- to spill or splash (liquid).
- to spill liquid upon.
- to feed slop to (pigs or other livestock).
- to spill or splash liquid (sometimes followed by about): The children happily slopped about in the puddles.
- (of liquid) to spill or splash out of a container (usually followed by over): The milk slopped over the rim of the glass.
- to walk or go through mud, slush, or water.
- Informal. to be unduly effusive or sentimental; gush (usually followed by over).
- to move in an idle, lazy, casual, or slovenly manner (usually followed by around or about): to spend the weekend slopping around the house.
- a quantity of liquid carelessly spilled or splashed about.
- badly cooked or unappetizing food or drink.
- bran from bolted cornmeal mixed with an equal part of water and used as a feed for swine and other livestock.
- any similar, watery feed; swill.
- Often slops.
- the dirty water, liquid refuse, etc., of a household or the like.
- tasteless or unappetizing soup, stew, or drink.
- kitchen refuse; swill.
- liquid mud.
- slops, Distilling. the mash remaining after distilling.
Origin of slop1
Synonyms for slopSee more synonyms for on Thesaurus.com
- clothing, bedding, etc., supplied to sailors from the ship's stores.
- cheap, ready-made clothing in general.
- short, baggy trousers, worn by men, especially sailors, in the 16th and 17th centuries.
- a loose-fitting overgarment, as a tunic or smock.
Origin of slop2
Related Words for slopslosh, wallow, spill, splatter, drip, smudge, dash, flounder, spray, spatter, smear, overflow
Examples from the Web for slop
Contemporary Examples of slop
But draft one can be a bit “less hard” because you just slop it down.Thriller Author Steve Berry: How I Write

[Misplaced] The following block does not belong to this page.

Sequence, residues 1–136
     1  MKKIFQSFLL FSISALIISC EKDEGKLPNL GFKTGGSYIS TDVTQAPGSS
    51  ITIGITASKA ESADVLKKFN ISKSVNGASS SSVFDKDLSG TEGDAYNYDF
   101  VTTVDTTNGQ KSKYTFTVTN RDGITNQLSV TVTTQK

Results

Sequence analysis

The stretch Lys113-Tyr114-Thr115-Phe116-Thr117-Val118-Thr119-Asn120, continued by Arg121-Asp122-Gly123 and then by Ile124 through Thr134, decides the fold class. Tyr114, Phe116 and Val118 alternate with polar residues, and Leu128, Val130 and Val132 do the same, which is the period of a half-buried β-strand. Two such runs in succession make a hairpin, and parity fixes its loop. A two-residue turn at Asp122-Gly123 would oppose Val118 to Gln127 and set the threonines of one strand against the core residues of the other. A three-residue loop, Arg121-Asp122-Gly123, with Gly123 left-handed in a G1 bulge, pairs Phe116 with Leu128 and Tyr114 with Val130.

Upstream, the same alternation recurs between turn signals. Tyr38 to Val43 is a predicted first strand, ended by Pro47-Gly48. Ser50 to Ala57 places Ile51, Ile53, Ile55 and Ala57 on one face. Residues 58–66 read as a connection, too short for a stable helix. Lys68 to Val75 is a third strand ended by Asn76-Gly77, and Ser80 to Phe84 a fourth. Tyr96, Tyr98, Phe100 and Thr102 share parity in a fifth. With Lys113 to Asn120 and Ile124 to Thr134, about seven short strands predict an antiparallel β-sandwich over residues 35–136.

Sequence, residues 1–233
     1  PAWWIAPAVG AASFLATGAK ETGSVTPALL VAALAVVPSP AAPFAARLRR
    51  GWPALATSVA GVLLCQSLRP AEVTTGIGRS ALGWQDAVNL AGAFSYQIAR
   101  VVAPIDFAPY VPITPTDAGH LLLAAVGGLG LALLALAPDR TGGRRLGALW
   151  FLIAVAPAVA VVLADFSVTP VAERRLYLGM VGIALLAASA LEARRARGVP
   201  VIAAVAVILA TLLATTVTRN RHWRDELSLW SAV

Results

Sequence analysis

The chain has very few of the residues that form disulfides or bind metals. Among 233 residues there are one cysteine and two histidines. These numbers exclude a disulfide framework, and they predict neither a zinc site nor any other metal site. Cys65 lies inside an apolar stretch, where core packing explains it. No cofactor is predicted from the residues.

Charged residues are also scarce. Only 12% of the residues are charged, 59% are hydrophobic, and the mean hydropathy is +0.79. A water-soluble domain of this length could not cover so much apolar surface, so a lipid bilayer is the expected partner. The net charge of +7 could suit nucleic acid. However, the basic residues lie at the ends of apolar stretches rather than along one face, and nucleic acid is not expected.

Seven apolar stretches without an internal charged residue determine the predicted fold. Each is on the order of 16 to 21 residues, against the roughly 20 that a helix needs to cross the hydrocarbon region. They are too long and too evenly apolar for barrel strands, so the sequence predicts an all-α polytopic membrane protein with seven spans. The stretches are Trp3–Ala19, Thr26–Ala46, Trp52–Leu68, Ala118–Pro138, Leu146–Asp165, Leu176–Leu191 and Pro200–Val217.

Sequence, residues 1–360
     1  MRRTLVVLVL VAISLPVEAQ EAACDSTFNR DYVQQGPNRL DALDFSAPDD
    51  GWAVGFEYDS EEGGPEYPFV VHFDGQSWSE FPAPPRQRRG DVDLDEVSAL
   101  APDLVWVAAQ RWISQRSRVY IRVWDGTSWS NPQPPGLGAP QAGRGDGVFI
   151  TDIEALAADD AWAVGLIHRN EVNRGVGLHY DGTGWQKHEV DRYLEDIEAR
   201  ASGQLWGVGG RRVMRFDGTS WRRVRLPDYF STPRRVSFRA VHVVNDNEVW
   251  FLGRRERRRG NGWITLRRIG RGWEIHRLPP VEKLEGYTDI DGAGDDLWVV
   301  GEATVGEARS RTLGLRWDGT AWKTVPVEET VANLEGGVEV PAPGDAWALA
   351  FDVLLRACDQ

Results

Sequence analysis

July 11, 2012
Historical Examples of slop
And now, if you don't want me to bleed to death get me out of this slop, and--yes,--easy!The Cavalier
George Washington Cable
It'll be bung full of women but it won't have a word of slop from beginning to end!
Do you remember how we swore that we would never have anything to do with Slop?
"I expect I ought to go back and start in on that slop diet again," says he.Shorty McCabe
In each of these cells was a narrow bedstead and a stone jug and slop bucket.Dulcibel
- (when intr, often foll by about) to cause (liquid) to splash or spill or (of liquid) to splash or spill
- (tr) to splash liquid upon
- (intr; foll by along, through, etc) to tramp (through) mud or slush
- (tr) to feed slop or swill toto slop the pigs
- (tr) to ladle or serve, esp clumsily
- (intr foll by over) informal, mainly US and Canadian to be unpleasantly effusive
- a puddle of spilt liquid
- (plural) wet feed, esp for pigs, made from kitchen waste, etc
- (plural) waste food or liquid refuse
- (plural) the beer, cider, etc, spilt from a barrel while being drawn
- (often plural) the residue left after spirits have been distilled
- (often plural) informal liquid or semiliquid food of low quality
- soft mud, snow, etc
- informal gushing speech or writing
Word Origin for slop
- (plural) sailors' clothing and bedding issued from a ship's stores
- any loose article of clothing, esp a smock
- (plural) men's wide knee breeches worn in the 16th century
- (plural) shoddy manufactured clothing
Word Origin for slop
c.1400, "mudhole," probably from Old English -sloppe "dung" (in plant name cusloppe, literally "cow dung"), related to slyppe "slime" (see slip (v.)). Meaning "semiliquid food" first recorded 1650s; that of "refuse liquid of any kind, household liquid waste" (usually slops) is from 1815. Meaning "affected or sentimental material" is from 1866.
"to spill carelessly" (transitive), 1550s, from slop (n.1). Intransitive sense from 1746. Related: Slopped; slopping.
late 14c., "loose outer garment," probably from Middle Dutch slop, of uncertain origin, corresponding to words in Old Norse and perhaps in Old English. Sense extended generally to "clothing, ready-made clothing" (1660s), usually in plural slops. Hence, also, slop-shop "shop where ready-made clothes are sold" (1723).